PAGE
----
‘Cute’ bunny breeds such as the Lionhead rabbit, the Netherland Dwarf rabbit and the Mini Lop, are at risk from long-term health problems
If you’re thinking of adding some bunny chums to your family, what are you looking for in a perfect bunny buddy? Something small and fluffy with a cute face and floppy lop ears? If so, you’re not alone.
“One of the most common requests we get when people are looking for a rabbit, is for a ‘Mini Lop’,” reveals the Hertfordshire based Rabbit Residence Rescue, which rehabilitates and rehomes rabbits. “There’s no denying those cute button noses, floppy ears and big eyes are adorable, but do you know what exactly you are taking on?”
The charity is referring to the various health issues that those endearing bunny looks are sadly associated with.
‘Cuter’ faces – but at what cost?
Dunstable based veterinary clinic, Noah’s Ark, states: “Breeds such as the Netherland Dwarf, the lop-eared breeds (especially the Mini, Dwarf and French Lops), and the Lionhead have been bred to have shorter, ‘cuter’ faces, becoming more and more brachycephalic (having a broad, short skull) in recent years. They are ultimately cute and therefore appeal to people. Sadly, there are lots of potential health and welfare problems for brachycephalic rabbits.”
The Rabbit Residence Rescue adds: “The skull of a lop, especially in the smaller lops, is vastly shorter than a natural wild rabbit shape. This has resulted in these rabbits suffering similar problems to brachycephalic dogs like Pugs and British Bulldogs.”
Just as with dogs, being brachycephalic can affect a rabbit’s ability to breathe properly, particularly in hot weather.
Noah’s Ark explains: “Rabbits are obligate nasal breathers and only breathe through their mouth when they can’t effectively breathe through their nose. This is often seen during episodes of heatstroke or when the rabbit is extremely stressed. Rabbits with a shortened face have squashed noses and therefore have a reduced ability to cope with heat since they are unable to inhale sufficient oxygen to oxygenate the tissues through nasal breathing.”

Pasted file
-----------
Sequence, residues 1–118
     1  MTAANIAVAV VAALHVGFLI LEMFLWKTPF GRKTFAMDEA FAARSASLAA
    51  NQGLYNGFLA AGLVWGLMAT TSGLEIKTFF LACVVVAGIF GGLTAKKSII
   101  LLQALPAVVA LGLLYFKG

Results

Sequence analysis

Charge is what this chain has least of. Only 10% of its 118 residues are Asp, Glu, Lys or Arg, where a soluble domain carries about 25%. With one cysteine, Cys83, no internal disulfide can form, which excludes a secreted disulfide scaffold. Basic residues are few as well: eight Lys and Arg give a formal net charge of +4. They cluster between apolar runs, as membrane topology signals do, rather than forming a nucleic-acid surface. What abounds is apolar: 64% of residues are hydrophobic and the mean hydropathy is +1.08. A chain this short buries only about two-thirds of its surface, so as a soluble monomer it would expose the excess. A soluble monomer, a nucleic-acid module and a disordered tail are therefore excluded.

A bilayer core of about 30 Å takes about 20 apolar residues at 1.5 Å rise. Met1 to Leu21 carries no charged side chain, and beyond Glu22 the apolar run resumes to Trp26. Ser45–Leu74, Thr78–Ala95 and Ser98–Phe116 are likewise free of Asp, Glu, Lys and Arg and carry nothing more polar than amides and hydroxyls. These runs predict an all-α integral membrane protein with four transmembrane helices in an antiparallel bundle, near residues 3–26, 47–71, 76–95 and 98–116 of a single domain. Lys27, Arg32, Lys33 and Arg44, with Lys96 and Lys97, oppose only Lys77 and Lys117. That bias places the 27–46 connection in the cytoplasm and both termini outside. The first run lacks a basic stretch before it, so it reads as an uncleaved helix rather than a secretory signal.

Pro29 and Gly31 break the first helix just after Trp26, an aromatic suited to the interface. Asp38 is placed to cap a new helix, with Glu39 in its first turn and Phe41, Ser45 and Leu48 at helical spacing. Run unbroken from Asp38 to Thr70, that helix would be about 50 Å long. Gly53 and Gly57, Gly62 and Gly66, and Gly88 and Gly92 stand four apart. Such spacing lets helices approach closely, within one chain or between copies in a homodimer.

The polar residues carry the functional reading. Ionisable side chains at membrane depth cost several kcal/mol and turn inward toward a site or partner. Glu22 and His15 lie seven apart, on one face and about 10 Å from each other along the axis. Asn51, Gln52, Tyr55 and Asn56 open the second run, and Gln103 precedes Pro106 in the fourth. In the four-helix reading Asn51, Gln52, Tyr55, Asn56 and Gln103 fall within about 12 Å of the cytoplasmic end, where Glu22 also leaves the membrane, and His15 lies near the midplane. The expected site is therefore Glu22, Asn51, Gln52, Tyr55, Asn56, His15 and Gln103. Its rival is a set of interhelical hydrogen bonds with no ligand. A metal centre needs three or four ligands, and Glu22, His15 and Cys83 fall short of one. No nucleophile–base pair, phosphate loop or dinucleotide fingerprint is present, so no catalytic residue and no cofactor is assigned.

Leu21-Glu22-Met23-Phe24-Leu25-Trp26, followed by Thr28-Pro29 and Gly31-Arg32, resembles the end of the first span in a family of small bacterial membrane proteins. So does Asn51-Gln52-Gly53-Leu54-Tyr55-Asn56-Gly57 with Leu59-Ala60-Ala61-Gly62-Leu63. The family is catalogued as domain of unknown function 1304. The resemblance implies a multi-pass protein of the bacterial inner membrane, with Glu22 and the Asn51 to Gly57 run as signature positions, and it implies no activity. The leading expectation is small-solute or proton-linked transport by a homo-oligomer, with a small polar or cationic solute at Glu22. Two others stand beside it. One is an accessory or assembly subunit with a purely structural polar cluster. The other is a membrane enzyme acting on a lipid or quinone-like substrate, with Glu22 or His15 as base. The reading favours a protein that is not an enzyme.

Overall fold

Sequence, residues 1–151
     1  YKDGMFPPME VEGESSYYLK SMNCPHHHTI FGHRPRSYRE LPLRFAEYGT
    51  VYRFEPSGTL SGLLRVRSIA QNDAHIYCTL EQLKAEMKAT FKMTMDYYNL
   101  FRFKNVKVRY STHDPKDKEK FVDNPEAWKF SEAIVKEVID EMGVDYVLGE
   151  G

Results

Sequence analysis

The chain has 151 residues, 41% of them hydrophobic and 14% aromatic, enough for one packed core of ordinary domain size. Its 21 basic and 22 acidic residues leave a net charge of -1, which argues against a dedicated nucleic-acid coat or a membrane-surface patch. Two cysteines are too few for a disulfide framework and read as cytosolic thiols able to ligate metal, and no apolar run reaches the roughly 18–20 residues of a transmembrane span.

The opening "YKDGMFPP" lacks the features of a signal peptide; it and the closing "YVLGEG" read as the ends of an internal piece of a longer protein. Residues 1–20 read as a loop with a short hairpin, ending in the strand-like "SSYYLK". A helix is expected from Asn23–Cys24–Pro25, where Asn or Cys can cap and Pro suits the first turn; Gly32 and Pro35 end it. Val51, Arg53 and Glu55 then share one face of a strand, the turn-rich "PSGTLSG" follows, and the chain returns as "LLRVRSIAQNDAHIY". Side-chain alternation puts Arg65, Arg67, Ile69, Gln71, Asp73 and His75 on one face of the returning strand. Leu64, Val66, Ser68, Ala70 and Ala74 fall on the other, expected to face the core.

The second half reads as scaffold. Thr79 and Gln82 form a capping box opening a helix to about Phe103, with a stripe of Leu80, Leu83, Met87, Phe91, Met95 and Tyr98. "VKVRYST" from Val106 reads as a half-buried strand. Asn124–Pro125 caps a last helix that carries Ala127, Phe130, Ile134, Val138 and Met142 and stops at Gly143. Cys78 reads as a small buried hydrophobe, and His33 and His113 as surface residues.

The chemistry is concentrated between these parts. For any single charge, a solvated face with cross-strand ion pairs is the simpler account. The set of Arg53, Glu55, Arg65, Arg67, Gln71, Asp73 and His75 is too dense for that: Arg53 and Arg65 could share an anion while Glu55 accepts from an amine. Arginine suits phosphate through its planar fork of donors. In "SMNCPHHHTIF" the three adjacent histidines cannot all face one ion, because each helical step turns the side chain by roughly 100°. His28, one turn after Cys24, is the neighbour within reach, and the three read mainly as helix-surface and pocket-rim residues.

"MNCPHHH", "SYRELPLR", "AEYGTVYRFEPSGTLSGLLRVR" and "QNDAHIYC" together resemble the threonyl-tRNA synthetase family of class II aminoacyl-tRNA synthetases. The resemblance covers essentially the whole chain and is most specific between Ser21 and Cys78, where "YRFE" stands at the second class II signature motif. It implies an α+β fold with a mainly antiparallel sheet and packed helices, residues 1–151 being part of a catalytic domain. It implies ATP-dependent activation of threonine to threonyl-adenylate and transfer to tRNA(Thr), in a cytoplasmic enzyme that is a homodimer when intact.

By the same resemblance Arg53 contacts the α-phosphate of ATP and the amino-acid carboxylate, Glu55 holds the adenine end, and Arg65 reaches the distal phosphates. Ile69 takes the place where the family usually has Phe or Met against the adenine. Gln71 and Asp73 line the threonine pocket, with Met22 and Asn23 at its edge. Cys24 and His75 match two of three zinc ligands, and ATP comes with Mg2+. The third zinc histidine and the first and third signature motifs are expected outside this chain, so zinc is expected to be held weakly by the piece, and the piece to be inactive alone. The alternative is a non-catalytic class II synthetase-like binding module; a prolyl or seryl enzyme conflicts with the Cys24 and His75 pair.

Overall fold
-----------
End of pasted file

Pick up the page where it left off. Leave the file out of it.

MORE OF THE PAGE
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The health risks of lop ears
As well as the shorter, rounder faces, lop ears often add to the adorable factor – but these are also associated with health issues. The Rabbit Residence Rescue reveals: “The lopped ears in these rabbits is a genetic ‘oops’ that we have bred into them and, unfortunately, it’s not without complications. When we have a problem with an ear abscess developing, most of the time it’s a lop-eared rabbit. They can also easily scratch or tear their ears when cleaning.”
“Lop eared rabbits have a high level of middle ear infections,” agrees Noah’s Ark. “Ear-base abscesses, which are almost always observed in lop eared rabbits, often extend into the ear canal and inner ear structures. They often require extensive surgery to attempt to relieve the infection.”
The need for on-going veterinary treatment
In fact, research carried out by the Royal Veterinary College (RVC), has confirmed that lop-eared rabbits are more prone to ear problems than their erect-eared counterparts. It’s not only their ears that are affected though – their associated skull shape causes dental issues, such as misaligned and overgrown incisors and molar overgrowth. This mean that lop-eared rabbits can require frequent veterinary attention for both ear-cleaning and dental treatment.
Dr Charlotte Burn, Senior Lecturer in Animal Welfare and Behaviour Science at the RVC, who led the study says: “People now need to weigh up whether those cute floppy ears are worth the risk of pain, deafness, and difficulty eating for the rabbit, not to mention the extra vet bills.”
The Rabbit Residence Rescue advises: “If you haven’t kept rabbits before, don’t instantly fall for the lop-eared ones. Uppy-eared rabbits with their more natural skull shape, such as Dutch rabbits, may be a more healthy option and run up less vet bills in their lifetime.”
Find out as much bunny information as you can